Parish Church of:
The church of St. Neot or St Guerier, as it was formerly called, dedicated Oct. 14th, 1321, is a large building of granite, in the Perpendicular style of the 15th century, consisting of chancel, nave of seven bays, aisles, south porch and a fine embattled western tower of earlier date, with pinnacles containing 6 bells, all cast in 1777; the south porch is groined, and has a parviso above: the church possesses an interesting series of stained windows, 17 in number, assigned by Whitaker to the 12th century, but by others to cir, 1480: these were restored in 12824, at the cost of the late Richard Gerveys Grylls esq. then patron of the living, at a cost of £2,000; tow of these illustrate the legends of St. George and St.Neot, and in others are subjects from the Old Testament, the hierarchy of angels and figures of saints: the chancel has also been restored by Lieut.-Col. S.M. Grylls: in 1885 a sum of £600 was expended in interior restoration and part of the old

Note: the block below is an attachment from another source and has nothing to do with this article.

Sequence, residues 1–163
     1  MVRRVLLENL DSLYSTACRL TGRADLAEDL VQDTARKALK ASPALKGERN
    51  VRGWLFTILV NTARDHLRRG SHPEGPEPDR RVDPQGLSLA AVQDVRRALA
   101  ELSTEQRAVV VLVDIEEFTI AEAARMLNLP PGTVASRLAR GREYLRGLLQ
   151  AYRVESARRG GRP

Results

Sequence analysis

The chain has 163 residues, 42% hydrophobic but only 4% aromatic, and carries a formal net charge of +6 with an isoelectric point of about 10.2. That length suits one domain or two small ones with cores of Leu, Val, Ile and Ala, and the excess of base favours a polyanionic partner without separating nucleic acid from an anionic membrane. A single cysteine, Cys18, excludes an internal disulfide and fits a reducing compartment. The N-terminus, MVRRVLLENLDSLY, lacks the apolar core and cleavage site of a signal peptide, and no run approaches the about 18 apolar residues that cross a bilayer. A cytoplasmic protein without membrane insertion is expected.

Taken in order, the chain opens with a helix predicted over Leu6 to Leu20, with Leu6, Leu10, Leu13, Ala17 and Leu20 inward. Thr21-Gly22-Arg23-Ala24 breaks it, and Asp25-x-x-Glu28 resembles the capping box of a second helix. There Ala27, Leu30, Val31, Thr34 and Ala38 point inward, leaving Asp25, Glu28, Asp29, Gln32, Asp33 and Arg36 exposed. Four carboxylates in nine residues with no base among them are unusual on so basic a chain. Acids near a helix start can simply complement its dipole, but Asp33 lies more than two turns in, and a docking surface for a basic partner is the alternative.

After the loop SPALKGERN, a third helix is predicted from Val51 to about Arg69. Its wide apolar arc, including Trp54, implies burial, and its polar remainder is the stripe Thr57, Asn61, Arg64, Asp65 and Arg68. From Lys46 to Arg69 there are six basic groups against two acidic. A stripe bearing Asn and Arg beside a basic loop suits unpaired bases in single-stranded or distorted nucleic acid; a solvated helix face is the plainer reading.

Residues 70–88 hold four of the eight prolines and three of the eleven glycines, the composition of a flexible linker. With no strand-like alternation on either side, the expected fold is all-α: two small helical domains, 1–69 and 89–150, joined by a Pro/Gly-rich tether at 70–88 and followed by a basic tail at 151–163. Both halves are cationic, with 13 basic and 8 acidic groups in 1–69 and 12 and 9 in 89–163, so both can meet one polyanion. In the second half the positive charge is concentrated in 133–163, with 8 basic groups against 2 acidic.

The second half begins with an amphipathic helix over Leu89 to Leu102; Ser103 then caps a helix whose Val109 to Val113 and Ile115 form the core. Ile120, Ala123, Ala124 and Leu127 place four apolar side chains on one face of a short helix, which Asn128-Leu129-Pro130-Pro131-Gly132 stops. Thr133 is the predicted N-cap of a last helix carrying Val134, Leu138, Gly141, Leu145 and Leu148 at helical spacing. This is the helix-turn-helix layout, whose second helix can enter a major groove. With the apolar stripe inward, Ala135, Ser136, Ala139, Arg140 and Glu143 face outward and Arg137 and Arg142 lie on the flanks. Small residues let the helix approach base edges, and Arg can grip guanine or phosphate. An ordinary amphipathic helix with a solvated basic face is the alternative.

seats were replaced by oak benches: in 1889a new vestry was added and the whole of the nave re-seated at a cost of £900: in the church is a monument with a history of St. Neot in 32 rhyming couplets, and memorials to William Bere, ob. 1610; the Rev. S. Thomas, 37 years vicar, ob. 1702, and Millicent, his wife, ob. 1705: Thomas Pomery, gent. ob. 1750, and to the family of Dangar, 1820-68; there are 500 sittings. In the churchyard and the adjoining vicarage grounds stand three ancient crosses, and in the parish near the Launceston road, is the famous “Four Hole Cross,” a shaft about 8 feet in height, ornamented with scrolls and interlaced work, with a mutilated head, and two holes only now remaining. The register dates from the year 1549.